I am experiencing upheaval. There is a full moon on the horizon and there is movement afoot. They say that there are a few life events that cause extreme stress: death, illness, divorce and arguably listening to Canto Pop music. Someone has lobbed a stone into the still waters of my personal oasis and its ripples are spreading out over everything. I’m not referring to the latest Trump blunder, or Silverman upsetting the conservatives, or the latest comments on the relative hotness of Justin Trudeau. I’m not even talking about the newly fashioned version of the Pirelli Calendar – all highly relevant and worthy of billions of social media posts I am sure. I’m speaking of a much smaller and seemingly insignificant act which has no Facebook posts but has had a far greater impact on my life than any other since my children were born. My darling husband has left his job.
Sometimes the smallest act leads to the biggest revelations; the repercussions are felt way beyond the initial effort. When something changes, and things stop functioning the way they always have, you need to sit down and question why and how and what for? It is an opportunity for a bit of self-examination, to throw it all down on the ground, pick up the important bits and put them back together differently. You may not be familiar with the Lego Movie (as an aside, I urge you to go watch this flick because there is not one line from Batman that isn’t funny), but in between the sentimental catch phrases and action sequence banter, the gist of the plot revolves around a special group of master-builders who redesign all the carefully construed, over-priced brick models to make super cool stuff of their own. Imagine, if you will, busting up the giant Lego Death Star that took you the better part of your life to build; but then, you get to choose the most excellent parts to fashion something new and utterly unexpected. This is exactly what happened when all of a sudden our family dynamic changed, seemingly overnight.
The reason we came to Hong Kong was my husband’s job. It was a work opportunity which we pursued, not something that was thrown at us, and we evaluated it carefully before we left (if careful evaluation involves several glasses of Cabernet Merlot and scribbling down a venn diagram on the kid’s drawing easel late on a Tuesday evening). We had a plan. Well, we had a sort of vague idea of where we wanted to be and how we wanted to live and it’s probably best not to get bogged down with too many details. This Hong Kong opportunity has opened up so much for us that we never could have seen it coming – another life lesson I have learned is to never make assumptions about something – or somewhere – you know little or nothing about. Our two year gamble became a seven year game changer. And then my other half, after careful deliberation, decided to retire.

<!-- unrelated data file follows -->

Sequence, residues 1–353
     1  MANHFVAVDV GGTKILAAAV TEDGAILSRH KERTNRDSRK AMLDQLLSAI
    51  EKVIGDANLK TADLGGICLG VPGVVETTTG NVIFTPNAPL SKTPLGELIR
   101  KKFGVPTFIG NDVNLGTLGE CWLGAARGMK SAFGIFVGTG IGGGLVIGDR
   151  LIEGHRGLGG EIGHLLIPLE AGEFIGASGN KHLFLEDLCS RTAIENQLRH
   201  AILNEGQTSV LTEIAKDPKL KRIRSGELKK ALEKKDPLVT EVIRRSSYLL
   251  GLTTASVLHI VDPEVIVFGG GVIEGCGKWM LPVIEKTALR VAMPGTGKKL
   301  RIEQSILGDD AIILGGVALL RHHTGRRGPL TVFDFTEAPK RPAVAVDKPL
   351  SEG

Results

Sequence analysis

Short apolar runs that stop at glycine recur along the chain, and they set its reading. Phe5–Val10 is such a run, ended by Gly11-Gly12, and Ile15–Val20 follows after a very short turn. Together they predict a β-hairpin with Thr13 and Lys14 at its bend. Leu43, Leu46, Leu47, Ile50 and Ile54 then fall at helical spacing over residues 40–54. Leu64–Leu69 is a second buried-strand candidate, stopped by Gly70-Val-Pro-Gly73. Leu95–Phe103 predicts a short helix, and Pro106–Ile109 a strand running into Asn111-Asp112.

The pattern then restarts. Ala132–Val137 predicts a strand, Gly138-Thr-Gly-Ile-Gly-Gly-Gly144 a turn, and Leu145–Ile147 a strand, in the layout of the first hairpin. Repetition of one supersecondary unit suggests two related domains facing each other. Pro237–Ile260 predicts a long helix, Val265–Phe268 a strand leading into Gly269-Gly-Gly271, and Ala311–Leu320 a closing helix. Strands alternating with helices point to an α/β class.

So, if the reason for being in a place not longer exists, what happens next? The obvious thing to do is pack your bags and go home, but for us home is more than one place. It is a complicated jumble of emotions and memories, not necessarily a city to live in. So we need to be much more practical in our approach and selective when choosing those pieces from the Death Star, which if you remember, is strewn all over the floor. We take out the bits that are important and suddenly a new version comes to fruition before our eyes. We line our priorities up like the usual suspects: opportunity for work, education, climate, proximity to family, quality of life, school holidays… we are governed by how much time our children are not at school because long school holidays means enough time to see our families overseas. And this is where is gets surprising. Sometimes what looks like a situation born of necessity is actually a conscious choice made for reasons truly best known to to ourselves.